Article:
Latest articles

Managing fusarium head blight

As the fusarium-infected area grows, so does the sophistication of management tools

As fusarium head blight marches west, agronomists and farmers are finding more sophisticated ways to manage the disease.

Cory Willness, agrologist and president of CropPro Consulting, says evening out crops is part of their fusarium management strategy. CropPro Consulting is based in Naicam, northeast of Humboldt, Saskatchewan.

“We find traditionally that the tops of the hills are the most advanced areas and quite often the depressions are the least advanced, or they’re somewhat behind,” says Willness.

Often that maturity gap is part of the reason crops are greener in depressions. “It’s not just that they have more moisture during the year, but they tend to start slower.”

Having the entire crop at the same stage, with minimal tillers, makes it easier for farmers to apply fungicide at the right stage. While they vary fertilizer rates, the whole field gets the recommended fungicide rate, Willness adds.

Soil, water and topography maps

CropPro Consulting pulls in a range of information to create field maps. Willness says they collect electrical conductivity and RTK elevation data. RTK elevation data helps reveal how water flows and where it accumulates.

The result is a map that incorporates water flow and salinity. Salinity will be the same shape on the map as it is in the field, says Willness.

“We find water is the number one driver of variability. So in wet years, wherever water is collecting, wherever it’s flowing, those areas are affected by excess moisture,” says Willness.

Programs also include soil-applied prescriptions, Willness says. Mobile nutrients such as nitrate, sulphate and chloride typically move where water moves, he adds. Organic matter will build in areas that accumulate water. The tops of hills will be low in organic matter, have thin topsoil, and fewer nutrients.

If farmers apply a flat rate of fertilizer to variable fields, the depressions can end up with too much nitrogen, Willness says. That can delay maturity, promote lodging, and create other issues that make it harder to control disease in those areas.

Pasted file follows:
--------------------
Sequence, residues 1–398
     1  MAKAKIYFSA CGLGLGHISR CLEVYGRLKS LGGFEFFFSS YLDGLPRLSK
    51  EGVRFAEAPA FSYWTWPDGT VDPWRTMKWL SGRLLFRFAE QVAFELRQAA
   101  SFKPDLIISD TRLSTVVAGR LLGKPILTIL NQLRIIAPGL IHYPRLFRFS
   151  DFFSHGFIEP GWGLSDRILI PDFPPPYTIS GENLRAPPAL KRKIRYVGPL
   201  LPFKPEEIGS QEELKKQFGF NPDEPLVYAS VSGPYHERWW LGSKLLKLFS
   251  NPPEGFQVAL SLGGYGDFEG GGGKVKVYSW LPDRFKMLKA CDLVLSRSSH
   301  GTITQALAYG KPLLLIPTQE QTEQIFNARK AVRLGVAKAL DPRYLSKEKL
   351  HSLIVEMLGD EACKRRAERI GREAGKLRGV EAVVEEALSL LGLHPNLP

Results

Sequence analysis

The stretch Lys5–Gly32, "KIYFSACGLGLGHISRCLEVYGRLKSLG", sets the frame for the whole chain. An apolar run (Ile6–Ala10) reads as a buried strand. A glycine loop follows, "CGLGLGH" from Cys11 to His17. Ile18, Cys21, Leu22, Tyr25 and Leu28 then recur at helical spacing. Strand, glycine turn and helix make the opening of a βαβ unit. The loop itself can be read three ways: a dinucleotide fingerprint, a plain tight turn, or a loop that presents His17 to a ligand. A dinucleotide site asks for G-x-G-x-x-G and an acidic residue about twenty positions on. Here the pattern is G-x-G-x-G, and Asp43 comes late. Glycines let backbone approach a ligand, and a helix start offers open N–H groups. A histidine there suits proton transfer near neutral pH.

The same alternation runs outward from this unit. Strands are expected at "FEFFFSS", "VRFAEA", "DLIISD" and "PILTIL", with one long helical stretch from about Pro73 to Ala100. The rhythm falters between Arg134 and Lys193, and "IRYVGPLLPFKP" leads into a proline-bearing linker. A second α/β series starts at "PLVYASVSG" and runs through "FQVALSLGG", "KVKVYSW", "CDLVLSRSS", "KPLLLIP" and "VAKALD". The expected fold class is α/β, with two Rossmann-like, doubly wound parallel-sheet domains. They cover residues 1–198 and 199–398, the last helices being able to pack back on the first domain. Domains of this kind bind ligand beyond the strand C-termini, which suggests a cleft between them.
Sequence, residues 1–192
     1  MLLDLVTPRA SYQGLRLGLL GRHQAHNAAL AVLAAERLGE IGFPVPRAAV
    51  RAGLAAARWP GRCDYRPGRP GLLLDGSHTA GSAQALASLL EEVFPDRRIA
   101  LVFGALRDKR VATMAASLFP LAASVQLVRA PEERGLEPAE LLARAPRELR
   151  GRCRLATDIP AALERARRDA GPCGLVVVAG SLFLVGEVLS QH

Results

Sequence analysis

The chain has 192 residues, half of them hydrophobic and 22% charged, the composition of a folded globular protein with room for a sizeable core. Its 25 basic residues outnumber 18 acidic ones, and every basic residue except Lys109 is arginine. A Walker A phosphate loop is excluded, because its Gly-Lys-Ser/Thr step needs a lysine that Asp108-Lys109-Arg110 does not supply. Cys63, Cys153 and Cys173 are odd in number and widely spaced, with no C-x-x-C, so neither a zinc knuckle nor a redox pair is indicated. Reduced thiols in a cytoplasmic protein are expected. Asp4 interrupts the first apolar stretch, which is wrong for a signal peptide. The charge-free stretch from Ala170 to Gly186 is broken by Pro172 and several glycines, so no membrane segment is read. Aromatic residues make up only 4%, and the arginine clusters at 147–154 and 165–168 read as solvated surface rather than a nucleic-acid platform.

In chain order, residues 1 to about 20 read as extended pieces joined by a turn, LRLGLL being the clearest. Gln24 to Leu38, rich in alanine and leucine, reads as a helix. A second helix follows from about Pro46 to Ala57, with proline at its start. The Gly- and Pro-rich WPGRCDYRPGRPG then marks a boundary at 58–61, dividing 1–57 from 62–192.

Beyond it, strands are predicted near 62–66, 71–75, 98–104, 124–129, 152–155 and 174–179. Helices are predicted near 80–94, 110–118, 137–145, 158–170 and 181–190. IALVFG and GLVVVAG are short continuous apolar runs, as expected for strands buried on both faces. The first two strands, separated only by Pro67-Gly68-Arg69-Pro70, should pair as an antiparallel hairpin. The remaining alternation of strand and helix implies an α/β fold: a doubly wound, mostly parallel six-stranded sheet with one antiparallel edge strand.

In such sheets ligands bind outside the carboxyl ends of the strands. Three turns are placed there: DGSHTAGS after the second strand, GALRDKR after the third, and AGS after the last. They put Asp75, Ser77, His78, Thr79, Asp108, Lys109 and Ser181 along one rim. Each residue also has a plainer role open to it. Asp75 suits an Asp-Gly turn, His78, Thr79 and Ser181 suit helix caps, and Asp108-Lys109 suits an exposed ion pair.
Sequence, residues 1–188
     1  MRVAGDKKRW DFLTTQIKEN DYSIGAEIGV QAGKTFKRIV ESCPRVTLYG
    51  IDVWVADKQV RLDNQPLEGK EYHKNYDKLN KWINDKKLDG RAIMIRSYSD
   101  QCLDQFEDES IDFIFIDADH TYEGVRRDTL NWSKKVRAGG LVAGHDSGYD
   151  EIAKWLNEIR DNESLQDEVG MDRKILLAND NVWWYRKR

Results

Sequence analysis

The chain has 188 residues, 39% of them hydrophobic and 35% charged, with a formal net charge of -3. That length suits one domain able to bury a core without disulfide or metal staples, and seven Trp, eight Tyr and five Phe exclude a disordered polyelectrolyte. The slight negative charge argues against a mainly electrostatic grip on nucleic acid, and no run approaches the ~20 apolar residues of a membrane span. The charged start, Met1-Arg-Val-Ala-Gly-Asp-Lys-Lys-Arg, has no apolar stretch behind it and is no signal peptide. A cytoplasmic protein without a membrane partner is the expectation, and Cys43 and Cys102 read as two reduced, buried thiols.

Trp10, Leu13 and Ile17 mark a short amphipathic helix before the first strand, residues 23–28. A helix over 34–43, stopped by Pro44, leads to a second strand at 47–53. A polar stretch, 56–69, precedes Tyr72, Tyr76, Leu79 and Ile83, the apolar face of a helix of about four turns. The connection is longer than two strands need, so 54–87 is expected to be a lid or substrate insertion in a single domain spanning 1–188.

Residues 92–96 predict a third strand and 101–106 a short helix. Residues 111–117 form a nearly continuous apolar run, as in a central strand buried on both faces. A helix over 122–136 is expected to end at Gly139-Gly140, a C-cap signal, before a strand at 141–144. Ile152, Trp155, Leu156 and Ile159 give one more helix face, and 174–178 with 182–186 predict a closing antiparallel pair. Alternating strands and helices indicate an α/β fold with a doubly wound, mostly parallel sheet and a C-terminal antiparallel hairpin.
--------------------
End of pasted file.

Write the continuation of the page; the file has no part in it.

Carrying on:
Plant stand variability is also a factor, says Willness. Areas where water accumulates, along with the extreme tops of hills, tend to have sparser plant stands. One goal is to create optimal plant stands through the whole field by bumping seeding rates in those sparse areas.

How much of a difference does it make to have an even, optimal plant stand when fusarium headblight arises? Willness says the differences are small, but small differences can add up to big differences in grade.

“The difference between malt barley and not malt barley could be 0.25 per cent.”

Most of CropPro Consulting’s clients are in northeastern Saskatchewan, and during bad fusarium years, people do see better grades, he adds.

Willness says they’ve been perfecting this program on clients’ farms since 2013.

“Since then I would say we’ve had a lot of success with it. And every field is different, every farm is different. You’re always tweaking things.”


Fusarium prevention tips

With no genetic silver bullet for fusarium in the near future, Ron Knox, plant biotechnology research scientist with Agriculture and Agri-Food Canada at Swift Current, had a list of fusarium management tips:

  • Use disease-free seed.
  • Follow a rotation that includes crops that are non-hosts to fusarium.
  • Manage crop residues. The fusarium pathogen can colonize debris from other crops. Well-chopped straw will help speed up the decay process.
  • During harvest, “adjust the combine to try and blow out the lighter kernels,” Knox said. Post-harvest cleaning can also be an option.
  • Use fungicides, although they won’t provide complete control. Timing is challenging, as there’s a very small window for effectiveness. While fusarium risk maps are available online, they are “not a substitute for farmers knowing their fields and what the moisture situation is.”
  • When applying fungicides, use a forward-angled nozzle, a medium-sized droplet, 10 gallons per acre and a slower speed.
  • Stagger planting of durum fields, so you won’t have every crop exposed to moist conditions at the optimal time for disease development.
  • If you irrigate, don’t do it at a time when crops are susceptible.
  • Adjust row spacing to alter the microclimate.
  • Use the most resistant varieties available.

About the author

Field Editor

Lisa Guenther is field editor for Grainews based at Livelong, Sask. You can follow her on Twitter @LtoG.

explore

Stories from our other publications

Comments